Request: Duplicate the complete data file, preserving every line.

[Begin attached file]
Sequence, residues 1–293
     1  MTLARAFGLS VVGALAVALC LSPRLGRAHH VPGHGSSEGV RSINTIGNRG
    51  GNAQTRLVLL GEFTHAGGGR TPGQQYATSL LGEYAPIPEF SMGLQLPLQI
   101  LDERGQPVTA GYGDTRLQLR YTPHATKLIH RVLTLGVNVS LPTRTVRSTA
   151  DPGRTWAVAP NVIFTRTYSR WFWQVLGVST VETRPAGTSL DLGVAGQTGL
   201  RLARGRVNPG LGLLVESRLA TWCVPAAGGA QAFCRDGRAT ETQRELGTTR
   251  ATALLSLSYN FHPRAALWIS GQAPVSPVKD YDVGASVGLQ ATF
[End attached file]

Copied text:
Sequence, residues 1–293
     1  MTLARAFGLS VVGALAVALC LSPRLGRAHH VPGHGSSEGV RSINTIGNRG
    51  GNAQTRLVLL GEFTHAGGGR TPGQQYATSL LGEYAPIPEF SMGLQLPLQI
   101  LDERGQPVTA GYGDTRLQLR YTPHATKLIH RVLTLGVNVS LPTRTVRSTA
   151  DPGRTWAVAP NVIFTRTYSR WFWQVLGVST VETRPAGTSL DLGVAGQTGL
   201  RLARGRVNPG LGLLVESRLA TWCVPAAGGA QAFCRDGRAT ETQRELGTTR
   251  ATALLSLSYN FHPRAALWIS GQAPVSPVKD YDVGASVGLQ ATF